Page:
Groundbreaking policy to attract western device manufacturers, investors and medical tourists to Hainan

The China State Council announced on April 4 that imported medical devices are allowed to be used clinically in the Boao City, Hainan province without the need for CFDA registration approval, as long as the devices have been approved by the Hainan Province FDA office.

The groundbreaking policy is to attract western device manufacturers, investors and medical tourists into Hainan, which is the very southern province of China.

Boao City, known for Boao Forum for Asia, was established as a pilot district for an international medical forum in February 2013. Soon afterward, multiple incentive policies were granted: selected stem cell trial was permitted, major medical equipment was used in private hospitals, overseas capital was allowed to invest in hospitals and to deduct tariffs for medical devices and pharmaceuticals, etc. None of the previous policies cross the CFDA bottom line – the only authorized state department to approve imported devices (Class II & Class III).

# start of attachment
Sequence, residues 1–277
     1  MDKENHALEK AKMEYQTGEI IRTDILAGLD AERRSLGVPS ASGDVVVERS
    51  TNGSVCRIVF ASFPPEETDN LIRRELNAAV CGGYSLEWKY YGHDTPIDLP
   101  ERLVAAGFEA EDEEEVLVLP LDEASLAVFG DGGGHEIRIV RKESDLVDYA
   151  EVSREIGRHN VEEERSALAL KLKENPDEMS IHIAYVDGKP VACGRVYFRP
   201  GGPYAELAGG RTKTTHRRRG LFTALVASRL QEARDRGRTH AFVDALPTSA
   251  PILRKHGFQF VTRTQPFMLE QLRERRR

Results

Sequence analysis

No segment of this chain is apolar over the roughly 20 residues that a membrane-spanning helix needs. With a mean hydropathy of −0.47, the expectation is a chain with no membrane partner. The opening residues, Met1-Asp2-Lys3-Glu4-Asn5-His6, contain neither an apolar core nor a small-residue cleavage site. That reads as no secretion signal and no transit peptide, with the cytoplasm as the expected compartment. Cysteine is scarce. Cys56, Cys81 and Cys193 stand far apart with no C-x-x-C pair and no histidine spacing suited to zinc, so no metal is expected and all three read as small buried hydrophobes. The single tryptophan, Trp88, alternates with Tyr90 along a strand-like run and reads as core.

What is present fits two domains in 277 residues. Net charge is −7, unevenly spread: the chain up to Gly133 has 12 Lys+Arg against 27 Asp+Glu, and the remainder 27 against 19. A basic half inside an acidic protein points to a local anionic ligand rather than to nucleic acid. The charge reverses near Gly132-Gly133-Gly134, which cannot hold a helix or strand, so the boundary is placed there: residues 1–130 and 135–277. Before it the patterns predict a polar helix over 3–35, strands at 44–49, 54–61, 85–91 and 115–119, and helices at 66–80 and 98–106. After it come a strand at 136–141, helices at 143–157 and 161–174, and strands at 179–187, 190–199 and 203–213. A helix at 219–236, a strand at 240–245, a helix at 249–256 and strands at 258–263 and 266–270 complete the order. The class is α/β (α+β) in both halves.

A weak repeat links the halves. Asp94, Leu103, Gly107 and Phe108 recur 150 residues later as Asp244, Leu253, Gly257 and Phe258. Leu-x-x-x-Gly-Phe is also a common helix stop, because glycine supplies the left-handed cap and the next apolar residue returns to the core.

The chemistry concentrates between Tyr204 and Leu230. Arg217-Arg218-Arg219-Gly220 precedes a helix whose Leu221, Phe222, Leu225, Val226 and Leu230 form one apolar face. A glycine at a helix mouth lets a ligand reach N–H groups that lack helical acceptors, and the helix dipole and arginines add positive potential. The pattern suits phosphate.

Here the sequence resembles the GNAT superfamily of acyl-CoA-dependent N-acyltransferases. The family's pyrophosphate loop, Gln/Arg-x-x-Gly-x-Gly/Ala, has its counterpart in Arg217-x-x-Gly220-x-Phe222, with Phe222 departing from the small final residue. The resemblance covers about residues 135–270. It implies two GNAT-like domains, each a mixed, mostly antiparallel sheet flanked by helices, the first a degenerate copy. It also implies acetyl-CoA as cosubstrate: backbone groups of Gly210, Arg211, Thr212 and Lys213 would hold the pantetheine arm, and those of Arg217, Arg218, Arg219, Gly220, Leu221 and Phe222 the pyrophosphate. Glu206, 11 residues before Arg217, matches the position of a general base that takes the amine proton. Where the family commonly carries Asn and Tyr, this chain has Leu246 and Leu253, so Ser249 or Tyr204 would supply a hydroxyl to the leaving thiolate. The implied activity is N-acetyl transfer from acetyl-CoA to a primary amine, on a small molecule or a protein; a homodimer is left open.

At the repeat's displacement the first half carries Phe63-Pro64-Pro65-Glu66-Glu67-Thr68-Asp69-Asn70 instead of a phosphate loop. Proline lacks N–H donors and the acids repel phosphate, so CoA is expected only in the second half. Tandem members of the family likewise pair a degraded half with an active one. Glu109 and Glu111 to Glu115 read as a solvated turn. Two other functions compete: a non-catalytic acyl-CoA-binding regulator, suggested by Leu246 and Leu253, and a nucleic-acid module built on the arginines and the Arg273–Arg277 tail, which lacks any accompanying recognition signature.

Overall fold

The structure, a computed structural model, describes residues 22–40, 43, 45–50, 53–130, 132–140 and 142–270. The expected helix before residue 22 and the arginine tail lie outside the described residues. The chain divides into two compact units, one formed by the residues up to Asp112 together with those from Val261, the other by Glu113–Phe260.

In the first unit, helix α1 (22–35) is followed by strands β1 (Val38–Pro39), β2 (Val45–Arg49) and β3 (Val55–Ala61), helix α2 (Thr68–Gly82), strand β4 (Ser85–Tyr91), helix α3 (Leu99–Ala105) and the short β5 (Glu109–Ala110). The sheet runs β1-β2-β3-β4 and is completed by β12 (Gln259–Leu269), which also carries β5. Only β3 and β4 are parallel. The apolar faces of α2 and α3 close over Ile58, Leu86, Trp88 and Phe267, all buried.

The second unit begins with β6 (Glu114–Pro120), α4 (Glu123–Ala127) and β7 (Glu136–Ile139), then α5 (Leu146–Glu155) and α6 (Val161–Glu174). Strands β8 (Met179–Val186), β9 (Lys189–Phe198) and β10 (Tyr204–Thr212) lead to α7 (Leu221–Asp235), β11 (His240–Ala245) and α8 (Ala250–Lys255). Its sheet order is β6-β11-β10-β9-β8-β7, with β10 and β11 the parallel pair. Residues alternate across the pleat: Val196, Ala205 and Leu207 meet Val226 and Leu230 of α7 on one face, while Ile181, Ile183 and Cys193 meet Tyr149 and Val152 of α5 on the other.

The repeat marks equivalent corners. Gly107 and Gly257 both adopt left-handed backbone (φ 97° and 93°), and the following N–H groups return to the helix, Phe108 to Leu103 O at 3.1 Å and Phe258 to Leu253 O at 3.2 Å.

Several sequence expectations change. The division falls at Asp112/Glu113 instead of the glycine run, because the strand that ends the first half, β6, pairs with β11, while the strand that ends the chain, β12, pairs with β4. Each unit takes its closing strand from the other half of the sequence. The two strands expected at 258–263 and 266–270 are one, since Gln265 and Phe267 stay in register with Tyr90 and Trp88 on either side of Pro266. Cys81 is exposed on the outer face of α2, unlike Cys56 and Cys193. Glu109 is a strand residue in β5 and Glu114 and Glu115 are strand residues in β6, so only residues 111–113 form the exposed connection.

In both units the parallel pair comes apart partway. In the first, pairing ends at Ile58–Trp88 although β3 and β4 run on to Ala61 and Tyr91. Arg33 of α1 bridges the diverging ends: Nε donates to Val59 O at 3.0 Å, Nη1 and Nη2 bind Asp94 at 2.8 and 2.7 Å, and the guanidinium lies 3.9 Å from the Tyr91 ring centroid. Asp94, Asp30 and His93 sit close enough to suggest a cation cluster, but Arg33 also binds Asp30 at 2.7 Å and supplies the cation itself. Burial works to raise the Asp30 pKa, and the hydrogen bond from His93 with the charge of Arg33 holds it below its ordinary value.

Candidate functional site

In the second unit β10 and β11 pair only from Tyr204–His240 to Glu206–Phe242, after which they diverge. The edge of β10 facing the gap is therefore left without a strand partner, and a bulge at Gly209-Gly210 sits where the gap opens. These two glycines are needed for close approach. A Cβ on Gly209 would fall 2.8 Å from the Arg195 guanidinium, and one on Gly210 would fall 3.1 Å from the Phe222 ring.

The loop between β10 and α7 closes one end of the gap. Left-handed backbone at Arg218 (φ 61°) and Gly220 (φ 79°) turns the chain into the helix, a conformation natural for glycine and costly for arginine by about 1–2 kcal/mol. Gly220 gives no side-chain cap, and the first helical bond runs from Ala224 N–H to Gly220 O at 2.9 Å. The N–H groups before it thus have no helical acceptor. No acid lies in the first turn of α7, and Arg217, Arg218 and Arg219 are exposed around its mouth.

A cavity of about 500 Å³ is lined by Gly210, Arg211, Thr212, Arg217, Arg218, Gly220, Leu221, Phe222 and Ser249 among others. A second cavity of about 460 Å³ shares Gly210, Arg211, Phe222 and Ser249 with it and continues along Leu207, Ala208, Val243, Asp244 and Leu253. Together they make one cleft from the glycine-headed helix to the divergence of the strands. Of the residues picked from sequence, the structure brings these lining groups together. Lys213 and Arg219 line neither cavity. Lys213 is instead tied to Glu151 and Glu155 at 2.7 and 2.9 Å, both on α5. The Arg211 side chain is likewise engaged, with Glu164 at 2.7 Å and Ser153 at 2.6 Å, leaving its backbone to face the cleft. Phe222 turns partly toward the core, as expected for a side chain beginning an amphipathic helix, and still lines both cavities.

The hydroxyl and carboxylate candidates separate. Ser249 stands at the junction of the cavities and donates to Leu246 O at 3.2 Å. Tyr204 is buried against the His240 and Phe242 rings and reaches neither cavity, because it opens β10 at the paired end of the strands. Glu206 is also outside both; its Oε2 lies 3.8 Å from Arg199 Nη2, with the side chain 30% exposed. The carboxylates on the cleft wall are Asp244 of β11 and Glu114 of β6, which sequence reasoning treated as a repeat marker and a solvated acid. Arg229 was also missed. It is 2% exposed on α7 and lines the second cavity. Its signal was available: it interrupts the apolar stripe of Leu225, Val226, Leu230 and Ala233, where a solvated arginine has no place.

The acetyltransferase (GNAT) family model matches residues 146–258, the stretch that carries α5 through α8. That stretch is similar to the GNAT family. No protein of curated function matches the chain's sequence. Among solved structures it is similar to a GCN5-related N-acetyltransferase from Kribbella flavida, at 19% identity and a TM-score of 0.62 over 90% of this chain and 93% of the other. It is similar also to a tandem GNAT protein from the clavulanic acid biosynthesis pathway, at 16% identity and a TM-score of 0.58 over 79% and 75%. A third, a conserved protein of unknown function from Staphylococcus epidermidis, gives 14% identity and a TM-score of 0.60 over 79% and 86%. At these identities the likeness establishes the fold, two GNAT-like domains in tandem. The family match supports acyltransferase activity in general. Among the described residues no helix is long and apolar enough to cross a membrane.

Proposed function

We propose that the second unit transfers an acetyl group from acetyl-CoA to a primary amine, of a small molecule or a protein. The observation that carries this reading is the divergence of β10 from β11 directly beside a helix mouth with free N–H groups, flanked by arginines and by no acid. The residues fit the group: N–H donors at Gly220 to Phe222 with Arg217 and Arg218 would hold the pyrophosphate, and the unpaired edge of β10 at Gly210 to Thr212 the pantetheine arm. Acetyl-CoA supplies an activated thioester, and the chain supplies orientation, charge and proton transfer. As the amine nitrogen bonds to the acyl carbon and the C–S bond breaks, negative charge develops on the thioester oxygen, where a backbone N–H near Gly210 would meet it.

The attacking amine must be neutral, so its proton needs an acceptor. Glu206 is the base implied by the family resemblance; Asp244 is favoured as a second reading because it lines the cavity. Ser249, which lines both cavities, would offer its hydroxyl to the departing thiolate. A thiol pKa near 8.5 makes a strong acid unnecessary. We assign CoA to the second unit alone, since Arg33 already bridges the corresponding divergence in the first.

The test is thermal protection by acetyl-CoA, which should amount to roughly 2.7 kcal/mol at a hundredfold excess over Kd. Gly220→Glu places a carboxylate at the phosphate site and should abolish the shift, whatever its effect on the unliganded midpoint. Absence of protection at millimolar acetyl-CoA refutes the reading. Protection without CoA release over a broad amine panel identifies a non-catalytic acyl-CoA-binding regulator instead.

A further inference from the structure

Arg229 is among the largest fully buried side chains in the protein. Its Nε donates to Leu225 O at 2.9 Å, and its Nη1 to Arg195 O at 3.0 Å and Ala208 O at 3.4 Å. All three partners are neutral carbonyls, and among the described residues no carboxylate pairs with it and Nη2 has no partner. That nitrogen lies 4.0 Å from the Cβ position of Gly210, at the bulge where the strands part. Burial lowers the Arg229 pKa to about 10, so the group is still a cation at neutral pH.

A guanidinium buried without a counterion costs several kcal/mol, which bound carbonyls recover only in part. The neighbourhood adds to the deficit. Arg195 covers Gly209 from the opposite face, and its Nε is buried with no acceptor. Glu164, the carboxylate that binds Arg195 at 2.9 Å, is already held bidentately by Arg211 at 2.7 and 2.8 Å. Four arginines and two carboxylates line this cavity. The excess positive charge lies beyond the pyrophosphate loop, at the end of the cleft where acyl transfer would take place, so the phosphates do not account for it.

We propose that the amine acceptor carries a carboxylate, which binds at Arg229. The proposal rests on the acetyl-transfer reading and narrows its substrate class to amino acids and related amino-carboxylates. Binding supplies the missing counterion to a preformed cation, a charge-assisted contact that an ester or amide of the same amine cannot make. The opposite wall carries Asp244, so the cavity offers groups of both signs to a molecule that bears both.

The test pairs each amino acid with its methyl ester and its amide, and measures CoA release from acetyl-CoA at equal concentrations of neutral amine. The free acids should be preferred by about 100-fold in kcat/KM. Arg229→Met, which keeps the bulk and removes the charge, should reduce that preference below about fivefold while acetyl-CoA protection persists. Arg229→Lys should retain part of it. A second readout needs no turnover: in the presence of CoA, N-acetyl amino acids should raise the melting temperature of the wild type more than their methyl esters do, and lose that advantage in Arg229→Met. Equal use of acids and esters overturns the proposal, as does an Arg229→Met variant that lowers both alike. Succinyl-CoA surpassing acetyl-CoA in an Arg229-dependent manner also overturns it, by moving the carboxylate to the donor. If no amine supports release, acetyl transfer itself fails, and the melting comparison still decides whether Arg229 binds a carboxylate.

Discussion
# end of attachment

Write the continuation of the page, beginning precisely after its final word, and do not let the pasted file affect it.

But the rule has been changed now with the latest announcement.

“For any Class II and Class III imported medical device in China, foreign manufacturers shall submit the application and home country approval to CFDA for registration approval,” the Medical Device Supervision and Regulations announced in March 2014.

Foreign drug manufacturers have already benefited from Hainan medical tourism policy. In September 2016, Hainan Cancer Hospital successfully imported Merck’s Keytruda (Pembrolizumab), a drug intended for non-cell lung cancer. It only took half a month to get the registration from Hainan Province’s local FDA, compared to 3-5 years of clinical trials for traditional CFDA pathway.

Global hospital groups focused more on business opportunities. Medical institutions from the U.S., Germany, Japan and Switzerland invested $3.33 billion in Hainan for the year of 2017 to concentrate on the stem cell trials, cancer treatments, anti-aging research and assisted reproductive technology (ART) applications.

Chinese citizens spent over $10 billion in overseas medical care in 2015. As medical tourism becomes hot in Hainan Province, now the Chinese expanding middle and upper classes do not have to go overseas to get treatment, which will also help central government to retain the medical revenue in China.